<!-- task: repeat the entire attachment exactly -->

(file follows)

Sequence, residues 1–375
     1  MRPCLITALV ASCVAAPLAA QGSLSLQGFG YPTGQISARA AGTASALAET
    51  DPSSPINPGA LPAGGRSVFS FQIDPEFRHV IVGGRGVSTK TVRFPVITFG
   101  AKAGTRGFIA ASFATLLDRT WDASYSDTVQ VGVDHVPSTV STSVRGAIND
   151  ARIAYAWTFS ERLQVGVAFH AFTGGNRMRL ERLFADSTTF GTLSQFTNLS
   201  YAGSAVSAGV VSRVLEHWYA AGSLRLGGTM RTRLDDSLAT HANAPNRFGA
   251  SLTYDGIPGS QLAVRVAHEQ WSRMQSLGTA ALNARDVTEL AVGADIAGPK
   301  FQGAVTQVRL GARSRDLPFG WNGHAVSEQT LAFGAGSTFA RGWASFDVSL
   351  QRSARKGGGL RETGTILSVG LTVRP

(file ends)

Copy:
Sequence, residues 1–375
     1  MRPCLITALV ASCVAAPLAA QGSLSLQGFG YPTGQISARA AGTASALAET
    51  DPSSPINPGA LPAGGRSVFS FQIDPEFRHV IVGGRGVSTK TVRFPVITFG
   101  AKAGTRGFIA ASFATLLDRT WDASYSDTVQ VGVDHVPSTV STSVRGAIND
   151  ARIAYAWTFS ERLQVGVAFH AFTGGNRMRL ERLFADSTTF GTLSQFTNLS
   201  YAGSAVSAGV VSRVLEHWYA AGSLRLGGTM RTRLDDSLAT HANAPNRFGA
   251  SLTYDGIPGS QLAVRVAHEQ WSRMQSLGTA ALNARDVTEL AVGADIAGPK
   301  FQGAVTQVRL GARSRDLPFG WNGHAVSEQT LAFGAGSTFA RGWASFDVSL
   351  QRSARKGGGL RETGTILSVG LTVRP